Dr Vince MolinaroCEO of Leadership Contract Inc., is a NY Times best-selling author and consultant on scaling leadership accountability.
Two simple words can – in the right circumstances – lead to some critical conversations, especially about the responsibility of business leadership.
Throughout my career, I’ve met senior leaders who recognize the flaws in their leadership culture, but never seem to get around to doing anything about it. That has undoubtedly been the central finding of my research: organizations recognize a lack of accountability, but have no plan to improve the situation. Through my work, I’ve tried to give senior leaders that much-needed pathway to accountability.
And not just the principles of accountability. Talking about taking more responsibility is ultimately very simple. I’ve tried to show people how to go from inexplicable to responsible. And in many cases, that journey begins with a candid conversation.
In my last article, I discussed the importance of conducting a leadership accountability audit. It involves a questionnaire that every leader in your organization fills out. The results will show you how accountable your leaders are right now, whether the organization sets the right expectations and whether it tolerates bad behavior and underperformance by leaders.
The audit results provide valuable insight into your organization’s current state of leadership responsibility. By themselves, however, the results are meaningless unless you are willing to act. This is where a strategic leadership conversation comes into play.
How to start a meaningful exchange
Once the audit results are aggregated and organized, it’s time to talk about what they mean and what you’re willing to do about them. When working directly with senior leaders on this process, I typically suggest the following structure for the strategic conversation.
Introductions and context setting (5 minutes)
Start by explaining why there is a need for this conversation and how it aligns with existing strategic priorities. Whatever challenge your organization faces – digital transformation, merger or acquisition, talent shortage, major expansion – emphasize that responsible leadership is critical to success.
Data Summary of the Leadership Accountability Audit (20 minutes)
The audit results may be shocking to some people on your senior leadership team, especially comments included in essay questions. No one likes to be confronted with evidence of gaps in leadership accountability. However, to solve a problem, you must acknowledge that you have a problem. That is where an audit helps you.
Facilitated discussion (50 minutes)
This is everyone’s chance to engage with the topic and ask and answer some tough questions. I usually suggest questions like:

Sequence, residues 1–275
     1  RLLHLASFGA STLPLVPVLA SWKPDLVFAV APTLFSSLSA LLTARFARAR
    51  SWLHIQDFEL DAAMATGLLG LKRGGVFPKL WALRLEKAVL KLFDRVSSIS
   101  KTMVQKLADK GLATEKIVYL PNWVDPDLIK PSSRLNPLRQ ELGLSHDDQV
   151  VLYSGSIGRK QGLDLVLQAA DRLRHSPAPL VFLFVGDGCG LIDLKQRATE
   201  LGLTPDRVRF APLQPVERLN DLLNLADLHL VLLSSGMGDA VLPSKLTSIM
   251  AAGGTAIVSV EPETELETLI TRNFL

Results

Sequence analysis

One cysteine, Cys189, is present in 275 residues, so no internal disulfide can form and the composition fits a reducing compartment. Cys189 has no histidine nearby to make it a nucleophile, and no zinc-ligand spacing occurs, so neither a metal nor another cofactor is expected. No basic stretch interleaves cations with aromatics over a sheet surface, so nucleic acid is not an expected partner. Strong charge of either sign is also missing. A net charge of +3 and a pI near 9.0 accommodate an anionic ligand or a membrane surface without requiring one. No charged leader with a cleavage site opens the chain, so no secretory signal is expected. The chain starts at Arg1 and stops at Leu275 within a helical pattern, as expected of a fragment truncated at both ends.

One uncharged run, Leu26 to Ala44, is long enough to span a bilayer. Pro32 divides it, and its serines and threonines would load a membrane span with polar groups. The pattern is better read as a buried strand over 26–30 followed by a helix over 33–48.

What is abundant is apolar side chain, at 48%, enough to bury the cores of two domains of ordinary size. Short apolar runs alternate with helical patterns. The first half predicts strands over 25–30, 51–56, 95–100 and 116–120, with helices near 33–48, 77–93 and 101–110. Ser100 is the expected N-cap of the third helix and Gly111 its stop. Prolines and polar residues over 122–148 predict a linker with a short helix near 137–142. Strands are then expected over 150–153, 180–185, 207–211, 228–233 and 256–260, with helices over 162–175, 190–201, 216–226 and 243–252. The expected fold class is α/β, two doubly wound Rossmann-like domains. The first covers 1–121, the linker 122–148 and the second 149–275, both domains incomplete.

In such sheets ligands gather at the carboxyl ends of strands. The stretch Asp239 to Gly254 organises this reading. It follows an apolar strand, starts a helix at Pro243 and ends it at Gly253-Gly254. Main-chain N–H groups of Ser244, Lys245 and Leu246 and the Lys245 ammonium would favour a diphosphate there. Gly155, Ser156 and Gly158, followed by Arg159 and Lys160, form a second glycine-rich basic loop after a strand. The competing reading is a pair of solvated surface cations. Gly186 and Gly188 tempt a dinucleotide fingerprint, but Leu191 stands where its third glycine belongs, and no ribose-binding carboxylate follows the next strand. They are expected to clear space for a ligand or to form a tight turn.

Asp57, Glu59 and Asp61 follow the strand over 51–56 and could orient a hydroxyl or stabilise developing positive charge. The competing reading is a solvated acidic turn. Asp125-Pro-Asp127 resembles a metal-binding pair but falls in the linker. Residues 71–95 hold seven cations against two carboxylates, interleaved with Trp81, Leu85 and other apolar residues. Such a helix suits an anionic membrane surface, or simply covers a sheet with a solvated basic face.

1. Based on the audit evidence, do we have the leadership culture that will ensure our future success?
2. To what extent are our leaders fully committed to their roles and responsibilities? Are they willing to step forward and do what it takes?
3. Where is leadership responsibility strong in the organization? Here you can explore responsibility by level: front line, mid level and executive ranks.
4. Level work again, where is leadership responsibility weak? How can this create risks in achieving our strategic objectives?
5. As an organization, do we confront mediocre and irresponsible leaders quickly and effectively? Or do we tolerate and approve of leaders who misbehave and are incompetent?
6. What recommendations do you have for strengthening leadership accountability throughout the organization?
7. How will we measure the impact of our responses? In other words, how do we know when we have strong leadership responsibility across the organization?
Implications and next steps (15 minutes)
The remaining time in your strategic conversation should be focused on developing an action plan to address the accountability gaps. It is my experience that this process will lead to a powerful and meaningful dialogue full of much needed and healthy debates. But it will of course not be pleasant for some people involved; I’ve found that weak performance in the leadership hierarchy often points to deficiencies in the support and development provided by senior leaders.
However, if I’ve learned anything from my time as a consultant to senior leaders, it’s that no organization can build leadership accountability by shifting responsibility; everyone must accept their role in the problem and the solution.
You may also find it worth repeating the leadership accountability audit every 12 to 18 months to measure your progress in improving leadership accountability.